Insider Newsletter

September 2015

Veteran Lender Kathryn Burton Gray Sees a Market Shift in the Making

Burton Gray

With more than 28 years of experience as a commercial lender, Kathryn Burton Gray has first-hand knowledge of economic cycles. She’s seen the impact of the ups and downs on the seniors housing sector and brings that valuable perspective to her current position as Head of Health Care and Senior Managing Director at RED Mortgage Capital, LLC, the mortgage banking arm of RED Capital Group, LLC (RED), Columbus, Ohio.

NIC recently spoke to Burton Gray from her office in Dana Point, CA. She talked about current lending conditions, and why a micro-focus on markets may be the best insurance against overbuilding.

NIC: How would you characterize the lending climate for seniors housing and care?

Burton Gray: It’s a great time for borrowers, but I would say the lending market is frothy. A lot of new lenders have entered the space recently, attracted by the compelling demographic trends driving demand and the increased acceptance of seniors housing as an asset class among commercial real estate investors.

Unfortunately, many of the new lenders aren’t fully educated about the product. Few have significant underwriting experience in the asset class. Moreover, many have not been exposed to the impact of a complete economic and real estate cycle. Frankly, I’m surprised at some of the deals getting done and how aggressive the terms are.

NIC: What’s the impact on cap rates?

Burton Gray: Cap rates have compressed and valuations are becoming a big concern as a result. Three years ago, assisted living buildings were being underwritten at cap rates between 8 and10 percent. Now, cap rates are in the 6 to 8 percent range.

When underwriting any credit product, you want to start with the right value. At RED, our underwriting approach is more conservative. We want to establish a valuation based on a longer view: what we think will happen in the capital markets over the next three years. That’s our orientation.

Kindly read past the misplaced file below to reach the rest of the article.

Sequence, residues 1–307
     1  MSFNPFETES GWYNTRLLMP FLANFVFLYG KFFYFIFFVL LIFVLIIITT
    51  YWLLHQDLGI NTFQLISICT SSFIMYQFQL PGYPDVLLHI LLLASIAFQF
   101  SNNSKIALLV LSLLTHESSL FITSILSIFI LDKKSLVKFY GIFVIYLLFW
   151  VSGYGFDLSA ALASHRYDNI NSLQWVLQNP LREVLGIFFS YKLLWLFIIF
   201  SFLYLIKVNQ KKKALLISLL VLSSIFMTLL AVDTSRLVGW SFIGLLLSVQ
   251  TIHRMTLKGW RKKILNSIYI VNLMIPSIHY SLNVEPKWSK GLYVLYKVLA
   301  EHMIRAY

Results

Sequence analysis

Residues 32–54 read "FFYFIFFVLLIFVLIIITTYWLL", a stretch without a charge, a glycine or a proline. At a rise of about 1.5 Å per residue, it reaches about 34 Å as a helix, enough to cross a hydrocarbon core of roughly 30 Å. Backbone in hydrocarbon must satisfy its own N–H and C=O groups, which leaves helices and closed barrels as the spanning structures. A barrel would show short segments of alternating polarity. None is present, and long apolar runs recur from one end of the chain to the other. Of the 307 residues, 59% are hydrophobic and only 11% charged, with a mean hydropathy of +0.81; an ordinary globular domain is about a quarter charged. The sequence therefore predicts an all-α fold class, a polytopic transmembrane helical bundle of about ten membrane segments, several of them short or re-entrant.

NIC: Will cap rates rise?

Burton Gray: I think cap rates are likely to go up. We’re in strange times. We have a lot of capital chasing few deals, and when competition intensifies, lenders forget what happened in the past.

I want to stay ahead of the game and anticipate the direction the market is heading. We want to avoid putting clients in facilities that are over-levered and ultimately too expensive to operate profitably.

If there’s a shift in the market and a borrower’s property value is less than we predicted, then someone has to fill that gap. Typically, it’s the borrower who has to provide more equity to rebalance the loan. We prefer to underwrite prudently at the outset to ensure surprises like this don’t happen.

NIC: Do you expect an interest rate hike?

Burton Gray: All signs are pointing to a rate hike by the Federal Reserve, and it is likely to occur sooner rather than later.

In terms of the impact, lenders are likely to underwrite more cautiously in anticipation of further rate increases to come. In the past, when the Fed signals that it intends to tighten monetary policy, the first move is just one in a series of rate hikes. So lenders may begin to negotiate different types of interest rate protections, such as interest rate caps and floors. Loan covenants will be impacted; borrowers will pay more.

NIC: Is there overbuilding?

Burton Gray: There’s a lot of real estate development across the board, of both residential and commercial properties, including seniors housing. But I’m not worried.

It’s not comparable to the 1990s, when assisted living facilities were overbuilt. Back then, we had a lot of developers with commercial property experience putting up buildings, but they had little understanding of the product, the market or even how to conduct a proper feasibility study. Today is not the “Wild West.” Operators and real estate owners are very thoughtful now.

Moreover, there’s a lot of tired product out there that does not offer seniors the facilities and amenities that the market expects today. So, we’re increasingly looking at development opportunities, not only in markets that are demonstrably underserved, but in markets with older inventories.